Coinbase said it wants its day in court against the Securities and Exchange Commission after an announcement that the regulator is mulling charges relating to the crypto exchange’s staking and wallet services.
“We are confident in the legality of our assets and services, and if needed, we welcome a legal process to provide the clarity we have been advocating for and to demonstrate that the SEC simply has not been fair or reasonable,” Coinbase’s Chief Legal Officer Paul Grewal said on its website on Wednesday.
The comment was part of his announcement that the exchange had been served a Wells notice, a tool the SEC uses to notify companies they are recommending enforcement actions for possible violations of securities regulation.
The US regulator’s crackdown shows no sign of abating. SEC Chair Gary Gensler has been ratcheting up enforcement actions against the crypto industry since January. This, plus banking regulators’ efforts to limit banks’ relationships with crypto, has led to fears that regulators are choking the industry.
Over the past 9 months, CB has met with the SEC more than 30 times, sharing details of our business to build a path to registration. During this time, the SEC hasn't given basically 0 feedback on what to change, or how to register. Instead, today we received a Wells notice. 2/15— paulgrewal.eth (@iampaulgrewal) March 22, 2023
“Coinbase has spent an extraordinary amount of time and resources working in good faith to seek regulatory clarity from the SEC,” Jake Chervinsky, chief policy officer at the Blockchain Association, tweeted.
“The idea that they’d be rewarded with nothing but a Wells notice is sad, but not surprising from an agency best known for regulating by enforcement.”
The possible action follows an investigation by the SEC that has been ongoing since around last summer, Grewal said in the disclosure.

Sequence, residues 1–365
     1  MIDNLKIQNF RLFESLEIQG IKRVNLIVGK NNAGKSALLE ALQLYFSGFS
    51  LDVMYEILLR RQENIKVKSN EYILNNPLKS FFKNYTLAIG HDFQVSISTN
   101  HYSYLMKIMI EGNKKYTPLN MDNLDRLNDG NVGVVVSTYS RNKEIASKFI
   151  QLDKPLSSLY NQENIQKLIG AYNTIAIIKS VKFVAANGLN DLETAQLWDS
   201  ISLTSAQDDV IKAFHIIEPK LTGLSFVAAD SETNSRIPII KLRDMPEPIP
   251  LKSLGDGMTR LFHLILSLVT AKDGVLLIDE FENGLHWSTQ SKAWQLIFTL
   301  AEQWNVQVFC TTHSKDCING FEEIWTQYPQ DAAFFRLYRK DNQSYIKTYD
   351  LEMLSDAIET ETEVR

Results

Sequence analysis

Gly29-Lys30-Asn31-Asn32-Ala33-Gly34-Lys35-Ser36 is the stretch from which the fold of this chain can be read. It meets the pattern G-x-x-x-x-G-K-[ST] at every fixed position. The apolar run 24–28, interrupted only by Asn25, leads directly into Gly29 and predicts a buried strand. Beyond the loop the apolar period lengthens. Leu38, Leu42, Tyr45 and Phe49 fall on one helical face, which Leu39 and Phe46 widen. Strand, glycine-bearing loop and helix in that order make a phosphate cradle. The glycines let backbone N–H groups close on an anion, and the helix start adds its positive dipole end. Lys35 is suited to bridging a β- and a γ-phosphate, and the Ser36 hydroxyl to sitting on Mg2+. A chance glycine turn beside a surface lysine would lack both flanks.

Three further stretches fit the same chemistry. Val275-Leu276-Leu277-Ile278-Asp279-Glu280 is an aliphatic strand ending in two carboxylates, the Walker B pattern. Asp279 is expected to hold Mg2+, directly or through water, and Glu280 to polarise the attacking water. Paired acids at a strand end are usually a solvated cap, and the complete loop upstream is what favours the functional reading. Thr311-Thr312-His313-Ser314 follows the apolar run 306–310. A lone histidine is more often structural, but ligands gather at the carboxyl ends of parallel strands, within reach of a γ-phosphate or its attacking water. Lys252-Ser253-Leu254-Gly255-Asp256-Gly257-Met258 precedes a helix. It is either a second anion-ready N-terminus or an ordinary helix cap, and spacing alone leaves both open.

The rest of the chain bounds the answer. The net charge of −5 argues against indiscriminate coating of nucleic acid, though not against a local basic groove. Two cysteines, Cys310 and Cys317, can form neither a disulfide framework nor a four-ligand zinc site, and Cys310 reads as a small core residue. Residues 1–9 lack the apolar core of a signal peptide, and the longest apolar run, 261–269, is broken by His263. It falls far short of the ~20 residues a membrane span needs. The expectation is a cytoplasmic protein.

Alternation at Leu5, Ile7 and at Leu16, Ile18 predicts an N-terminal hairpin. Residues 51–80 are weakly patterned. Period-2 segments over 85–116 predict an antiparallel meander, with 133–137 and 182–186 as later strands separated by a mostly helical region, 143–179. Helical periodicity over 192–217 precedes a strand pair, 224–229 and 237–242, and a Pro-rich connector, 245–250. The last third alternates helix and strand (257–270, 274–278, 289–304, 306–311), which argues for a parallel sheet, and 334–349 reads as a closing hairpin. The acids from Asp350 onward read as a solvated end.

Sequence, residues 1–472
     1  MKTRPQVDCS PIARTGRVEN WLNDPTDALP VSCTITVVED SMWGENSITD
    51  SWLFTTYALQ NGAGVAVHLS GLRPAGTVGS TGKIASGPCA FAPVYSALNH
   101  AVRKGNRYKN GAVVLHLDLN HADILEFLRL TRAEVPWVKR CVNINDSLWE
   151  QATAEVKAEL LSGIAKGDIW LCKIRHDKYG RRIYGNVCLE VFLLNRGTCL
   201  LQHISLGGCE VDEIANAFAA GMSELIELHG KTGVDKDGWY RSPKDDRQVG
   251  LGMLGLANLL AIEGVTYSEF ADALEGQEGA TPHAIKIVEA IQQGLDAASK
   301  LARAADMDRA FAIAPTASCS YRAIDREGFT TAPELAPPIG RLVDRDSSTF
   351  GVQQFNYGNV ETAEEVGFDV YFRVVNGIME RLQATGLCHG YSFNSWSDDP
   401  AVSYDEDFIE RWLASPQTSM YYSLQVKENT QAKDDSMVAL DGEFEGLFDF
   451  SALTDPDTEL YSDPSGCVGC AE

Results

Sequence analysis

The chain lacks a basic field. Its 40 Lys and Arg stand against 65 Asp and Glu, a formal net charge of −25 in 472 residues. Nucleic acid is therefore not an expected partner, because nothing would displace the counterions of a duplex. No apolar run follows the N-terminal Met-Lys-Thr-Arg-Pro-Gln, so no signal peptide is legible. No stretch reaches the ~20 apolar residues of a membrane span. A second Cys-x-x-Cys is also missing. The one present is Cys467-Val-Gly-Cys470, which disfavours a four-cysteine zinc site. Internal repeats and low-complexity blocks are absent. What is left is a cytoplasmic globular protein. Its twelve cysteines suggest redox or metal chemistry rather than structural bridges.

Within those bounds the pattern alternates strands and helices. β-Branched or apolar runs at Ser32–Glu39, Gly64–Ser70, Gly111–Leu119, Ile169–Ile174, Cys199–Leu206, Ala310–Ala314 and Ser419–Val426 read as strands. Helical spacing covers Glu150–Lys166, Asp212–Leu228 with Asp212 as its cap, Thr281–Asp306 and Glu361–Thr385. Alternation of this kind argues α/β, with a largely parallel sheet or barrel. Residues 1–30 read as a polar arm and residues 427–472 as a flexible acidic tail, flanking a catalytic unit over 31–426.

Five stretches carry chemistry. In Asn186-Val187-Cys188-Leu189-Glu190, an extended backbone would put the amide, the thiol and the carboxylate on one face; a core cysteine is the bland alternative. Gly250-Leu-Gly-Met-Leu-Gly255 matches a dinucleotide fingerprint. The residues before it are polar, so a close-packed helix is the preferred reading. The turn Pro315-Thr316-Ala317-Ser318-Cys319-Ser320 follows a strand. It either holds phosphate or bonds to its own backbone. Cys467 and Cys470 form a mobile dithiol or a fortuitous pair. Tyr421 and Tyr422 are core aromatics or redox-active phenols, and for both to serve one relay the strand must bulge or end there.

He said the exchange had met repeatedly with the SEC over a period of nine months and developed a registration path for Coinbase assets.
In return, it had got no clarity from the commission and is facing an enforcement action, Grewal said.
Gensler has signposted that he sees almost all crypto assets – barring Bitcoin – to be securities, and therefore under his purview. Industry players say they are caught in an impossible situation, however: the commission tells them they can just “come in and register” their assets, but the registration process proves impossibly complicated.
Coinbase has always been adamant that it does not list securities, nor offer any kind of product to customers that could be considered a security.
Coinbase is the US’s largest crypto exchange by trading volume, and went public in 2021. As part of the listing process, it had to demonstrate compliance with SEC rules.
Wells notices don’t necessarily lead to legal action.
The SEC isn’t guaranteed to find judges on its side if the Coinbase action winds up in court. As Grewal pointed out, a federal judge in the recent Voyager case implied that the commission’s claim that cryptocurrencies are securities was not backed with any legal certainty.
A judgement is expected very soon in the SEC’s high-profile case against Ripple. The regulator accused Ripple of failing to register XRP as a security. Crypto lawyers are optimistic that Ripple could win this case.
“The Ripple case just became a lot more important. Depending on how it comes out, it could make the SEC’s job versus Coinbase much, much more complicated,” Bill Hughes, senior counsel at Consensys, tweeted.
Some are more sceptical.
“Coinbase presents a veritable drivers’-ed film of securities violations,” cybersecurity expert and academic John Reed Stark tweeted.
And while the SEC action hammered the stock – Coinbase slumped 8% yesterday and is down more than 10% in premarket New York trading – they have soared a whopping 130% this year.
Ark’s Cathie Wood this week dumped more than 160,000 Coinbase shares from her Ark Invest fund this week, worth some $13.5 million. Short-seller Jim Chanos is among investors who have made a bearish case against the company.